I doubt anyone who knows anything much about rugby would, hand on heart, say that they expected England to win this World Cup. I certainly didn't.
There was hope, borne out of an encouraging 6 Nations campaign and the premise that home advantage would prove more an inspiration than a burden, but certainly not expectation.
What was expected, not unreasonably, was that England would progress from their Pool, despite the fact that somehow it was loaded with 4 out of the world's top 10 teams. Of course England had no divine right to escape the Pool stages - and they lost out to 2 very good teams - but nevertheless on balance they should have done so.
That they failed may be put down to a combination of factors that have been well documented elsewhere. Inexperience - both of coaches and players, poor squad selection, bizarre matchday team selection, poor decision making on and off the field, inconsistent and naïve tactical approach, the possible undue influence of certain characters within the coaching set up, the list goes on...
The ridiculous hype surrounding the England team was also unhelpful - to some extent it was inevitable but much of it was self-generated by the RFU and the excesses could and should have been avoided - with the overblown send-off party with Take That at the O2 Arena and the whole 'Make Them Giants' thing particularly cringeworthy.
So what happens now?
Coaches - if Stuart Lancaster is the honourable man that he would have us believe, he will resign as Head Coach, even if he has indicated that this may yet take couple of weeks. A new Head Coach, whoever that may be, should have the power to bring in his own staff, so the rest of Lancaster's coaching team should also go. The emphasis, given the RFU's resources, should be on finding "best of breed" in all instances. So, for example, if the breakdown is an issue (as it has been for some considerable time), who is the best breakdown coach out there?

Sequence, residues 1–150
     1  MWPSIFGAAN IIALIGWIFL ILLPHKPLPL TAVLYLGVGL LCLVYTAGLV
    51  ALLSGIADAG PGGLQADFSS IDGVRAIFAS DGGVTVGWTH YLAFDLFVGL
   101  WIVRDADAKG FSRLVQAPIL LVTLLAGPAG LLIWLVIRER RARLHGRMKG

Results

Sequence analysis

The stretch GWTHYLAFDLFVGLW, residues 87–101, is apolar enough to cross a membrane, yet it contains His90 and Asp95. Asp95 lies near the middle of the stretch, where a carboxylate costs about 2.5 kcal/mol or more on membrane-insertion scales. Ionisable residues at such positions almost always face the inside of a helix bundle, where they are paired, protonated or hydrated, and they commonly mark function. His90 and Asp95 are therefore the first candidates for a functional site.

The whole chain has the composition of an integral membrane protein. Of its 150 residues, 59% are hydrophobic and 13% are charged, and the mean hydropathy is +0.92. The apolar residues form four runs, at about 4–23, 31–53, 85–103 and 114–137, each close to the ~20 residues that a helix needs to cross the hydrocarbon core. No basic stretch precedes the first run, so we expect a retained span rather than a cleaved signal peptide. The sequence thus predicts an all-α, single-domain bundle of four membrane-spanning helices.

Players - England should have a far more experienced squad going into the next World Cup. There is a core there now that can take the team forward, together with others not included in the RWC squad and players coming through the age groups. Various players will have much to prove to a new coaching set up while others will need to be jettisoned or phased out over the coming few years...I think we all know who they are.
Conditioning - England looked off the pace in the last 15 minutes of both the Wales and Australia matches. Many of the forwards, in particular, appear to be carrying too much timber. England need to start producing packs that can last 80 minutes plus.
Tactics - given there is talent in the back three and, if correctly selected, in the midfield, England need to move away from their traditional set piece obsession. Yes, build as big, mean and nasty pack of forwards as you can muster and by all means be the best that you can possibly be in the tight phases. But if they start to treat the scrum as an attacking opportunity, rather than exclusively as a possible generator of 3 points, then England will be on the right path. See New Zealand, Australia, Japan as examples.
Captain - Chris Robshaw has taken way too much flak, most of it unfair. He strikes me as a decent, honest captain who leads by example and works his socks off for the team. Sadly his tenure is now irreparably holed beneath the waterline by the team's failure when it has really mattered, both in the 6 Nations and now the World Cup. A new Head Coach will want a new skipper. Personally I think Joe Launchbury fits the bill.
Selection Policy - possibly the most contentious issue facing England. Do they change their current policy and select players from outside the Premiership? The whole Steffon Armitage debate has overshadowed much of Lancaster's reign, but this should never be about individuals or exemptions or "exceptional circumstances". Either it is the right policy or it is the wrong policy and if it is the wrong policy it should be abandoned.
So, that's all sorted then...